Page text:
Frequency modulation of neural oscillations according to visual task demands
Jason Samaha1, Andreas Wutz2,3, Bradley Postle1, David Melcher2; 1University of Wisconsin-Madison, 2University of Trento, 3Massachusetts Institute of Technology
Temporal integration in visual perception is thought to occur within cycles of occipital alpha-band (8-12 Hz) oscillations. Successive stimuli may be integrated when they fall within the same alpha cycle and segregated for different alpha cycles. Consequently, the speed of alpha oscillations correlates with the temporal resolution of perception, such that lower alpha frequencies provide longer time windows for perceptual integration and higher alpha frequencies correspond to faster sampling and segregation. Can the brain’s rhythmic activity be dynamically controlled to adjust its processing speed according to different visual task demands? We recorded magnetoencephalography (MEG) while participants switched between task instructions for temporal integration and segregation, holding stimuli and task difficulty constant. We found that the peak frequency of alpha oscillations decreased when visual task demands required temporal integration as compared to segregation. Alpha frequency was strategically modulated immediately prior to and during stimulus processing, suggesting a preparatory top-down source of modulation. Its neural generators were located in occipital and infero-temporal cortex. The frequency modulation was specific to alpha oscillations and did not occur in the theta (3-7 Hz), beta (15-30 Hz) or gamma (30-50 Hz) frequency range. These results show that alpha frequency is under top-down control to increase or decrease the temporal resolution of visual perception.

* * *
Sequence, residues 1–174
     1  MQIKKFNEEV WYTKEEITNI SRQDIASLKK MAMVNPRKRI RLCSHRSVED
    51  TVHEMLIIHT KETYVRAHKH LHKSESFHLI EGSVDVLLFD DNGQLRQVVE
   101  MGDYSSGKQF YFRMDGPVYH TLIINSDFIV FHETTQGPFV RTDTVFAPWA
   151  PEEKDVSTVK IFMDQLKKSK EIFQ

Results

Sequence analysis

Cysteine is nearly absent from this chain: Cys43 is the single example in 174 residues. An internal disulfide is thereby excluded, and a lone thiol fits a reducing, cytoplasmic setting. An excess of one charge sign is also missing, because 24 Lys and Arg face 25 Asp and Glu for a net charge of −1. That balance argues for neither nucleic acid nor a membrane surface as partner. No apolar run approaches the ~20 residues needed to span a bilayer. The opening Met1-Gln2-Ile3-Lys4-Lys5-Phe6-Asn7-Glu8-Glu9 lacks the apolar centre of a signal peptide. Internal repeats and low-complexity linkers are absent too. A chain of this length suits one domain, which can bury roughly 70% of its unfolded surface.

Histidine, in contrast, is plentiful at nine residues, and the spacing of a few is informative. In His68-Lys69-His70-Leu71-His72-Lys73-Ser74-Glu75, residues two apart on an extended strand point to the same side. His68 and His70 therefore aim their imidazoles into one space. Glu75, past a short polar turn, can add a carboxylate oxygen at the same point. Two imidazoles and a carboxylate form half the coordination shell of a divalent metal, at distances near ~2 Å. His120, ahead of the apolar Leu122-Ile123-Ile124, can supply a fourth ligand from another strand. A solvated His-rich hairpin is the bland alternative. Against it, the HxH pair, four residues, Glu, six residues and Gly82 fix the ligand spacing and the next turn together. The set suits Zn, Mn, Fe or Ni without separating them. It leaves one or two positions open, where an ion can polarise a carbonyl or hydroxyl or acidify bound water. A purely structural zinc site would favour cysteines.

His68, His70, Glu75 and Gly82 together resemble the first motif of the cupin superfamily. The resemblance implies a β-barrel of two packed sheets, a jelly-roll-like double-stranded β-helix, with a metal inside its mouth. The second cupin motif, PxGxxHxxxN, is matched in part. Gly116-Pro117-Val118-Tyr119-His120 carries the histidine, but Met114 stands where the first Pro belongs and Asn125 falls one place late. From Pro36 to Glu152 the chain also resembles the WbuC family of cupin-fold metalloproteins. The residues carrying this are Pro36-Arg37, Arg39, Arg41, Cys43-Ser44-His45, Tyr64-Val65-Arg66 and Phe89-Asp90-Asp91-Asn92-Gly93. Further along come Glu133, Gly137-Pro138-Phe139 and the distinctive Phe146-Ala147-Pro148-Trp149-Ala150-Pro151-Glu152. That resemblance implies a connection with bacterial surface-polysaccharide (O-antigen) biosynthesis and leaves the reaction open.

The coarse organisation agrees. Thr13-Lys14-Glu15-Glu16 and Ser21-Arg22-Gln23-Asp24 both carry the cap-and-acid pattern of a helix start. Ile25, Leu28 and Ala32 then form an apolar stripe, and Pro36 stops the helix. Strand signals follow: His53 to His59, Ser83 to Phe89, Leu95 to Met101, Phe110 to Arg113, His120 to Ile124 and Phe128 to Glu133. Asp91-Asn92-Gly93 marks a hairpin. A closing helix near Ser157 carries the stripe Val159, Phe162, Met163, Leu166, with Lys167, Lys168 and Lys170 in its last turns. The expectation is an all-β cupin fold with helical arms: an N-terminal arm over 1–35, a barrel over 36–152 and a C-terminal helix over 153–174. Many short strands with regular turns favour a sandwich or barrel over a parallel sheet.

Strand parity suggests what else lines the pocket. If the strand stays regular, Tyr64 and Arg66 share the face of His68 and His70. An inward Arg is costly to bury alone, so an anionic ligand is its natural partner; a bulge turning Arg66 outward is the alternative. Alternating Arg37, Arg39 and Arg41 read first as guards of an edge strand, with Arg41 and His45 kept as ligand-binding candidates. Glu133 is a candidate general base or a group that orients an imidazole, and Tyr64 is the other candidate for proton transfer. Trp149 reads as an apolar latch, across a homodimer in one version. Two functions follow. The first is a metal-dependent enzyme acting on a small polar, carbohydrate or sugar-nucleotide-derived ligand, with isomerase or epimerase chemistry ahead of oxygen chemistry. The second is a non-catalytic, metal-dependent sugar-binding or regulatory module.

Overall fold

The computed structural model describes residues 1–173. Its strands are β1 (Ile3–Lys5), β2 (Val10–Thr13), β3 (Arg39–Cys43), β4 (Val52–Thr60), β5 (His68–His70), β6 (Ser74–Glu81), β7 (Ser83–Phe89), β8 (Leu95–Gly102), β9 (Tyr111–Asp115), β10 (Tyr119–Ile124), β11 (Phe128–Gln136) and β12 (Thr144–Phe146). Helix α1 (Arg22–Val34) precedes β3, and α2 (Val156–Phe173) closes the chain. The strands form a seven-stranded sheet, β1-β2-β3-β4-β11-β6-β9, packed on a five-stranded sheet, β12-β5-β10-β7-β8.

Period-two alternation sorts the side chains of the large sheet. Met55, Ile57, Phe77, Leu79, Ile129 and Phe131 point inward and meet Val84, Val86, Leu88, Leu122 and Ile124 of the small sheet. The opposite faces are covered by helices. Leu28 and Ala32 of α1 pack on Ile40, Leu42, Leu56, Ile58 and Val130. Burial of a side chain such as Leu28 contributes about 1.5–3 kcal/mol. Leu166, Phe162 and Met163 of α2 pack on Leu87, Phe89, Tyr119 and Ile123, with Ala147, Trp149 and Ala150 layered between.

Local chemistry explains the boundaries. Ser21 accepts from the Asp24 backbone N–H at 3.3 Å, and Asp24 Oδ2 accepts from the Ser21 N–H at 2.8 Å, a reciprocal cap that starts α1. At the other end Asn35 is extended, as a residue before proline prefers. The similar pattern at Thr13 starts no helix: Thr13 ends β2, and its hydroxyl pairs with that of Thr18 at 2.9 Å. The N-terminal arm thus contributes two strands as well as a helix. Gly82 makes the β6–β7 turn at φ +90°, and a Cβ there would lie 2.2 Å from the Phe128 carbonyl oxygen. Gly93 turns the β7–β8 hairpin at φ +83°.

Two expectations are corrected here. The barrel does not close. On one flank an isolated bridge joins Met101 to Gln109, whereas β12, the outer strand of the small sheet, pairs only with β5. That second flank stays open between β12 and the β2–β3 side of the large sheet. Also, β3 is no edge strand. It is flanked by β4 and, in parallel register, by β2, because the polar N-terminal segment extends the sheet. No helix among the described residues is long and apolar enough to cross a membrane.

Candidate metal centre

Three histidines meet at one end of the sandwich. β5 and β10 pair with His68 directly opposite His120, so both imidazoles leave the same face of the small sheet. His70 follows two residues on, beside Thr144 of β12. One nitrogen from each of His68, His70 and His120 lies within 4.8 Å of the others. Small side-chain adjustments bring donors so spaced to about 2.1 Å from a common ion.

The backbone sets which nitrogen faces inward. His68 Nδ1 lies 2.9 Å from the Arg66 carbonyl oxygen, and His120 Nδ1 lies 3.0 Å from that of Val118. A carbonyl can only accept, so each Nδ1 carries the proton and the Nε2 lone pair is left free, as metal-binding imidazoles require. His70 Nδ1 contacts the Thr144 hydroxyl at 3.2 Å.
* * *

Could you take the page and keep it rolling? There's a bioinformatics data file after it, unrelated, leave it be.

Topic Area: PERCEPTION & ACTION: Vision